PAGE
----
The 180 DTS-i sticks with an all-alloy cased, four-stroke cycle engine that’s clearly based on the earlier tried-and-tested powerplant. Its single-cylinder is air-cooled and still displaces 178.6cc. Bajaj has used its patented DTS-i technology, which ensures the engine’s twin-plugs are set to ignite together in one instant, thereby delivering higher power output as well as improved fuel economy. The bike also employs ExhausTEC, or a resonance chamber sitting on the silencer that helps pack a healthy punch low in the bike’s power band.
There’s a marginal bump up in power as the bike now delivers 17.02bhp at 8500rpm and 1.45kgm of torque at 6500rpm. While straightline performance is just about identical to the outgoing model on paper despite the new 180 weighing in a few kilos more than its predecessor, the rider benefits from a relatively more refined feel now.
Throttle action is nice and light, with a quick response always at hand, and the bike revs cleanly all the way into its redline without any glitch. It’s a flexible engine too, with five, well-spaced gear ratios that ensure a rider need not play too much with the ’box to extract optimal performance. The cable-operated clutch on our test bike worked well at all times.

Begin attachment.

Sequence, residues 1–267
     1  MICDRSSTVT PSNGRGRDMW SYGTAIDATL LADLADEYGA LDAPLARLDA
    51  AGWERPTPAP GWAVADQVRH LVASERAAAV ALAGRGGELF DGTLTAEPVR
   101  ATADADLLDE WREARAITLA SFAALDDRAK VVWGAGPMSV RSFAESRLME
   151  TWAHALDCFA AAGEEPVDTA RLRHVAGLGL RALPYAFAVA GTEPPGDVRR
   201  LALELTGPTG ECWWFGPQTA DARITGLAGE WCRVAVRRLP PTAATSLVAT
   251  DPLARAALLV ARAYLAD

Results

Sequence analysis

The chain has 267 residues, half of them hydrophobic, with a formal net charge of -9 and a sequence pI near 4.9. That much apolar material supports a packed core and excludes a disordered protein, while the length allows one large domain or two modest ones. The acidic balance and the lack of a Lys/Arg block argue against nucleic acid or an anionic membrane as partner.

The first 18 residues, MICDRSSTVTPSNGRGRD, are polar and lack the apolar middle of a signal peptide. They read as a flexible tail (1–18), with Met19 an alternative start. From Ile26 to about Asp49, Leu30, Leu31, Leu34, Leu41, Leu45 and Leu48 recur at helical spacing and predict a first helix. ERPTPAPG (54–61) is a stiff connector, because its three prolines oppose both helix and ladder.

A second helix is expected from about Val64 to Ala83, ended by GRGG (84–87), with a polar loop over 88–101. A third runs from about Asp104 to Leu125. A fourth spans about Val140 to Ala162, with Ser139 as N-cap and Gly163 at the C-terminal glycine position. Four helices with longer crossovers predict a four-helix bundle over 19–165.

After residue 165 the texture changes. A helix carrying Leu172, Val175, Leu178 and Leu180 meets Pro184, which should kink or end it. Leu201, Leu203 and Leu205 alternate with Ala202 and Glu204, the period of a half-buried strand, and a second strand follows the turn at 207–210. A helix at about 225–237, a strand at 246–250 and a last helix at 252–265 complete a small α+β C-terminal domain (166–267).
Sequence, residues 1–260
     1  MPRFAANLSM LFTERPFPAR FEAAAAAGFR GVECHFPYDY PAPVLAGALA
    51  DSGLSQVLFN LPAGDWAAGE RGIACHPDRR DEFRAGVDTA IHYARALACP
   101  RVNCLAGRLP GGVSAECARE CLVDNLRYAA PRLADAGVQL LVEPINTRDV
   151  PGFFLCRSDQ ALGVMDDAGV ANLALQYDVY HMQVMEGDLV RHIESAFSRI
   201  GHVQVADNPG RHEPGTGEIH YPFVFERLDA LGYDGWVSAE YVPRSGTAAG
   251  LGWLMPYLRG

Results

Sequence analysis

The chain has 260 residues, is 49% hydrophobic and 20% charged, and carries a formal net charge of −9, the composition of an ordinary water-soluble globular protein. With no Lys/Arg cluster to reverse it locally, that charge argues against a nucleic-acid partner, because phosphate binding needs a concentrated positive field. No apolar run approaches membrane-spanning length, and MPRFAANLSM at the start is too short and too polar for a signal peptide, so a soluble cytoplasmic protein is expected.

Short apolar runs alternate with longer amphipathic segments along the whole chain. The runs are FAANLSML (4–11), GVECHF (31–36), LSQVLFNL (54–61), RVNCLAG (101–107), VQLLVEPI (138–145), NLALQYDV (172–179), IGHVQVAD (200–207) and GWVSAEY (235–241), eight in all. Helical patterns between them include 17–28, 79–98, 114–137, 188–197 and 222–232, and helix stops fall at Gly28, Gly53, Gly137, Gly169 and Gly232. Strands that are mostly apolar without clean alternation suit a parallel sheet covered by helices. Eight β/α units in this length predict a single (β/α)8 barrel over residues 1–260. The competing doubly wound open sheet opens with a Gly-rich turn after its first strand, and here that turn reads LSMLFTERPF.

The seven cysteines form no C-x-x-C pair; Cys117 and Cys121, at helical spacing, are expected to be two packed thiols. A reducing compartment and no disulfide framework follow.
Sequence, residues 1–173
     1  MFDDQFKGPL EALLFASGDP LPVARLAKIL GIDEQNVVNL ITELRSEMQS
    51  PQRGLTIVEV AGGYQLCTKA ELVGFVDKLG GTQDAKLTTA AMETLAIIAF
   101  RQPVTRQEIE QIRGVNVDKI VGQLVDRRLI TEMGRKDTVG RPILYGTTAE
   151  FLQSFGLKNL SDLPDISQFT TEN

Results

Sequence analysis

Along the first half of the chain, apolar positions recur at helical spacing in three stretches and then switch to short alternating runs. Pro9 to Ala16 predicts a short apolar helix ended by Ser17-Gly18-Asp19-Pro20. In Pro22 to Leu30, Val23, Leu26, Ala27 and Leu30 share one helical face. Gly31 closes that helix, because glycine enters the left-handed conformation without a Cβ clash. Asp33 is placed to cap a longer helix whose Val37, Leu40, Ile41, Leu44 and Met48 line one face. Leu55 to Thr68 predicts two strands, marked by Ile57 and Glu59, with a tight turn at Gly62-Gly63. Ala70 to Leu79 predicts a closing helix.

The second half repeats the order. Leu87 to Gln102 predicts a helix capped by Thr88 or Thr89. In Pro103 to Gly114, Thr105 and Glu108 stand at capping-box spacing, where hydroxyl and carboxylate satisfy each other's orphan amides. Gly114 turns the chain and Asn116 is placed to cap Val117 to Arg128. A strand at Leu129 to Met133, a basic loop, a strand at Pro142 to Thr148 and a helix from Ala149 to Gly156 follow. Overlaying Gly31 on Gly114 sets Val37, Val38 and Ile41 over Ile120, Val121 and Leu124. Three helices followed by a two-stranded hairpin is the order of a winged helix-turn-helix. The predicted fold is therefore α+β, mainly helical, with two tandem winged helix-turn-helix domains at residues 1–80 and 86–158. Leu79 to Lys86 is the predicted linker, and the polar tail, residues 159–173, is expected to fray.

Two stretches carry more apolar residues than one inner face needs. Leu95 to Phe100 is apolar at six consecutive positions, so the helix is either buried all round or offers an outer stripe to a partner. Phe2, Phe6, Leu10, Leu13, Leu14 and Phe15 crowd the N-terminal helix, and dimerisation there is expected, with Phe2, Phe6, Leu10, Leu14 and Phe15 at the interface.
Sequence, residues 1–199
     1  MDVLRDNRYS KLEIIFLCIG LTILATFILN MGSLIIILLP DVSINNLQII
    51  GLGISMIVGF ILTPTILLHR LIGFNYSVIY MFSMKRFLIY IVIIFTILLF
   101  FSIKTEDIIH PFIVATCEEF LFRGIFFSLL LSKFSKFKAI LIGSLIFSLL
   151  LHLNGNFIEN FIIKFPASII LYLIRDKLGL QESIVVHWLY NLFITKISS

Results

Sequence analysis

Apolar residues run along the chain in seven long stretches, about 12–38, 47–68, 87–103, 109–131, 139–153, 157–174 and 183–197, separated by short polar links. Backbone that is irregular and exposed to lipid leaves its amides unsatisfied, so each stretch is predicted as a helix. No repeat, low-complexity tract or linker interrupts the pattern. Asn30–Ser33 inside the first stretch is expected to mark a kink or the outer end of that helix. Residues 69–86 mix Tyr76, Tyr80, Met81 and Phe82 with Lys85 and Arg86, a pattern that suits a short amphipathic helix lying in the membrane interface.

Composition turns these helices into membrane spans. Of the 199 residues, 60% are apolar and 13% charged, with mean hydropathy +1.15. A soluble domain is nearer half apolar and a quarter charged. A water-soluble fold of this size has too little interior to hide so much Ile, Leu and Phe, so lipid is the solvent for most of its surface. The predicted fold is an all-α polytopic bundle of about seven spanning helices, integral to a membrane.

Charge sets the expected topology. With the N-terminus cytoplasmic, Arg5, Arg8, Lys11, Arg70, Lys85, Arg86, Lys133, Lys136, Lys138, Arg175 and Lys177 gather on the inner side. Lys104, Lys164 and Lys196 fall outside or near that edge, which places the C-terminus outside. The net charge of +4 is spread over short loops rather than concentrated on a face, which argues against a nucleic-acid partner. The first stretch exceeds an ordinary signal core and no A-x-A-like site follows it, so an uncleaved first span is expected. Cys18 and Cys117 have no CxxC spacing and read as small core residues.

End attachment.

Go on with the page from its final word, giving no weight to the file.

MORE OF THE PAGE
We managed to hustle the new 180 from rest to 60kph in 4.83 seconds, going on to pass 100kph in 14.18sec en route to a creditable true top whack of 120kph. We discovered that speedometer error, which was pleasantly absent on the earlier 180, now plays a part on the new Pulsar.